The last five years have been one opportunity after another to do something different. To quit running, turn around, stare the fear down, and run straight into it. I have been astounded again and again by how many of these fears were “monsters under the bed” with no more reality than my childhood imaginations.
Here is the latest fear I have confronted. Money. Not running out of it, but asking for it. Here is the story.
When Landmark Journey Ministries began almost two months ago, the board set a figure to raise: $84,000 for one year ($7000/month). It would be the capital to get the ministry off and running. So I was asked to do something I have never, ever done…call others and ask for money.
The fear of this was not terror or panic. It came out instead as a mild anxiety and discomfort. But I knew I needed to push through it because of what this ministry could do for others. But more importantly because I knew God called me to it. So I got a large list of names and started. The first few conversations I fumbled and stumbled over my words. There were other conversations where I just couldn’t pull the trigger. It felt like being a teenager, calling a girl for a date, and never asking! Other times I would avoid the topic until the very end of the time on the phone.
The real breakthrough came for me one day when I made some calls to complete strangers. I remember one conversation that had actually gone well and this popped out of my heart: “If I can do this, I can do anything.” It hit me that fear was no longer stopping me. I had broken this barrier. I felt alive, tingling, with a deep strength welling up inside of me.
Paul said in the book of Romans that “we are more than conquerors through him who loved us.” I know that his words mean so much more than just handling fear. But I can’t help but believe that they at least include fear. That’s what I felt like in that moment, like a loved conqueror.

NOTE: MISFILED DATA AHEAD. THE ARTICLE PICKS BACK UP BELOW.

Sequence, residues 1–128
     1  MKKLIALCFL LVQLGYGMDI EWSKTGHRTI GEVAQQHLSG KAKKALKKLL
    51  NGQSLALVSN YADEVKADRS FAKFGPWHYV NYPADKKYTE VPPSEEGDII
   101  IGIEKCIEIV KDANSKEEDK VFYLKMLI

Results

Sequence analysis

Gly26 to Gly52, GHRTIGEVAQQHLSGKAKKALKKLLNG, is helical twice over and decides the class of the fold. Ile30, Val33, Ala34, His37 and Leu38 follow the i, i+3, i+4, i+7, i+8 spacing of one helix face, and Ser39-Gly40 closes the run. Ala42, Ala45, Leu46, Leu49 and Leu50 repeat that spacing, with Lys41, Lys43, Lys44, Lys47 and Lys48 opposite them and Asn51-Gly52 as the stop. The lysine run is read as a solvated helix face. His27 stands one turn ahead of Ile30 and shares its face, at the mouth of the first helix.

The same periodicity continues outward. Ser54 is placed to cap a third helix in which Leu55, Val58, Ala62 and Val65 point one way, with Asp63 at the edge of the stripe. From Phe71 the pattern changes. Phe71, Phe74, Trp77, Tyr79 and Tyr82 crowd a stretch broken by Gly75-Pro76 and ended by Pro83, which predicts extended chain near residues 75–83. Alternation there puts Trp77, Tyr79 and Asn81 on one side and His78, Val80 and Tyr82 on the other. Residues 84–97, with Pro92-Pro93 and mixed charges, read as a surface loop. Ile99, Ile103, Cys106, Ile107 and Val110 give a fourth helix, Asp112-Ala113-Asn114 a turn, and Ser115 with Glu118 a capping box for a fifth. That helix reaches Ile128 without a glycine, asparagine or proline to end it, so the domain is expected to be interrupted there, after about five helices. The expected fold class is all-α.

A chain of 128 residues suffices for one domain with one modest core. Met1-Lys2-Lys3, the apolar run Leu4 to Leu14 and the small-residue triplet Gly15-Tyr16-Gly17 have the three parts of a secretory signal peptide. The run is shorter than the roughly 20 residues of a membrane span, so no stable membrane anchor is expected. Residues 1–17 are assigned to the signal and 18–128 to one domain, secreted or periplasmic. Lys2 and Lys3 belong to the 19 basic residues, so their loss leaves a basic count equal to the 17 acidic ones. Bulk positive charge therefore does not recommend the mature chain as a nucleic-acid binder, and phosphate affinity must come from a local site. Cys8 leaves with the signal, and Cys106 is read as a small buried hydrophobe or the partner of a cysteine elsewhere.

So here is the question. What is fear stopping you from today? What would happen if you quit running and stared it down?
I have a good friend who grew up hunting. He loves the challenge of it, but more than anything, he loves being outdoors, in the quiet, away from the helter-skelter of daily life. So when his son was old enough, he began to take him hunting, coaching him along the way. The son, now a young man, loves hunting, the skill of it as well as the scenic beauty. In many ways, the son picked up his delight in hunting as it rubbed off onto him from his father.
I believe this is just how we grow in the things of Christ. The New Testament says over and over again that the trajectory of our lives, once we have decided to follow Jesus, is headed in one direction only: we are to become like him. And one of the main ways that happens is by this transfer of delight. We are to get close enough to the Father through Jesus so that what he loves, we begin to love. What he delights in, we begin to delight in.
God becomes the emotional template for our hearts, what we pattern ourselves after, much like the son did with his father in hunting. We begin to feel what God feels, long for what he longs for, love what he loves. That’s how we become more like his Son.
So, what does the Father delight in? I ran across this verse last week that answered the question in a point-blank way. “But let him who boasts boast about this: that he understands and knows me, that I am the LORD, who exercises kindness, justice and righteousness on earth,”…and then the kicker…”for in these I delight,” declares the LORD. (Jer. 9:24)
There it is. Kindness. Justice. Righteouness. It’s a really good place to start. This is what God loves. So I need to get close enough to him each morning to feel this, to love what he loves. It’s how I have felt such deep change in me recently as I think about loving others each day, engaging them, and delighting in God’s image inside of them.